Yes it is true that a lawyer must look and speak well. But Clients are not interested in fashionistas, models or English tutors. Clients want lawyers who can bring solutions to their legal problems. Your appearance and oratory skill may attract many a Client, but your substance and depth of knowledge of the law and its application to solve their problems, is what will make them pay you your fees. So do not be so interested in investing only in your suit and tie, also save some for your books and law reports; for Solomon said in all your getting, get wisdom and understanding.
5. Don’t always trust your seniors; they don’t trust juniors anyway
This is a very sensitive subject, but it is surely the hard truth. A senior once told me that in this profession, there is no handing-over; there is simply no retirement. A junior must therefore not aim at taking over a senior’s practice. It just won’t happen. You are not your senior’s priority. His reputation and business are more important to him. He will be willing and ready to sacrifice you any day for these two things. Never think you are indispensible. You need to respect your senior but learn to cultivate your own dream. That is the only way you can reach the top. I believe I may have just told you why many a law firm does not survive after the death of the person whose name appears on the signboard. Look out for yourself because no one else will.
6. Your senior’s fruit may become your seed; never despise any “left-over” Client
The usual practice is for seniors to hand over to freshly called lawyers briefs that have “no juice” in them. These briefs usually have Clients who do not command the “time and attention” of the senior for one reason or the other. The senior may despise such a Client or brief.
When such a brief is handed over to you, treat it is as a seed. Handle those Clients and briefs with care. You will be building a foundation for your success in the profession. If you invest in those seeds, the Client will appreciate your time and effort and begin to make referrals to you and that will be the beginning of your journey to having a trusted and solid clientele base.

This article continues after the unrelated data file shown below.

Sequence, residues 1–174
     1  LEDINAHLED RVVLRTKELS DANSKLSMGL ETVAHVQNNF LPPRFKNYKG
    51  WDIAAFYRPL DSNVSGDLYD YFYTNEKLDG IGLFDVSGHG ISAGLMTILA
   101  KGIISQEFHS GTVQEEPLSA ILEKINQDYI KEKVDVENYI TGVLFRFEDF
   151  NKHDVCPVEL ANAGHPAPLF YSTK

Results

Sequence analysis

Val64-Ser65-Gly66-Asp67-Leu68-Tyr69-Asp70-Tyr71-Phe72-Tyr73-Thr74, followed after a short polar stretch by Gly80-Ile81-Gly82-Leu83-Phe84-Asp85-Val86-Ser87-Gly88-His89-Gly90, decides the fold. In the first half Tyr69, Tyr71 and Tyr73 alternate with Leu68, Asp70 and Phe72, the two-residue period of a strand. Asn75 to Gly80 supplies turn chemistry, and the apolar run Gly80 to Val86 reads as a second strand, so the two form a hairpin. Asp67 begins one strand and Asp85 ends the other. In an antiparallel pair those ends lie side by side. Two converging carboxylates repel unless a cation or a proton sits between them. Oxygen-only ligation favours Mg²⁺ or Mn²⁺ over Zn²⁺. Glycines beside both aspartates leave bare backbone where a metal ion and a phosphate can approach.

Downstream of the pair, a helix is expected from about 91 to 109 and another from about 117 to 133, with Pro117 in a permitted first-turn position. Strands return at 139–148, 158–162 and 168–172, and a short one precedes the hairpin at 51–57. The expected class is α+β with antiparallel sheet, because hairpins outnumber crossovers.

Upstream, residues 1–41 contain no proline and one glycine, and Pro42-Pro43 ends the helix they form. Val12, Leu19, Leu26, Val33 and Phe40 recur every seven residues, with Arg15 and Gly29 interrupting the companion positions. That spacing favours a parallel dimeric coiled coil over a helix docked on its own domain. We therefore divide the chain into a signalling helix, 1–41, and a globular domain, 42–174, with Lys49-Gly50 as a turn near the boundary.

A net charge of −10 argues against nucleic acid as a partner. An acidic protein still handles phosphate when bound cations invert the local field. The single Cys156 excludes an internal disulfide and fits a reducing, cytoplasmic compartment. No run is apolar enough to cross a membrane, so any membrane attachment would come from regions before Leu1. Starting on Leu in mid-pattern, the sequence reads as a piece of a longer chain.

7. You can’t stop learning; you risk being a local champion
It is easy for lawyers to be content with the good reputation that they may acquire within their region or even in the country. But the world is a global village and the various legal systems keep churning out new legal principles and challenging old ones. To be up to speed with the changing trends in the legal profession, you simply cannot stop learning. Attend seminars in and out of the country; buy books from other Commonwealth countries and learn to apply yourself to new developments in the law. That way, you can rub shoulders with lawyers from all over the globe.
I will encourage all of you to dare to dream, dare to shine, dare to be first and dare to be bold because in this profession, there is always room at the top. I wish you well.
The Writer is the Lead Consultant with Robert Smith Law Group, a boutique law firm based in Accra and assists with the teaching of Civil Procedure at the Ghana School of Law, Makola Campus-Accra. He is also Fellow of the Chartered Institute of Arbitrators.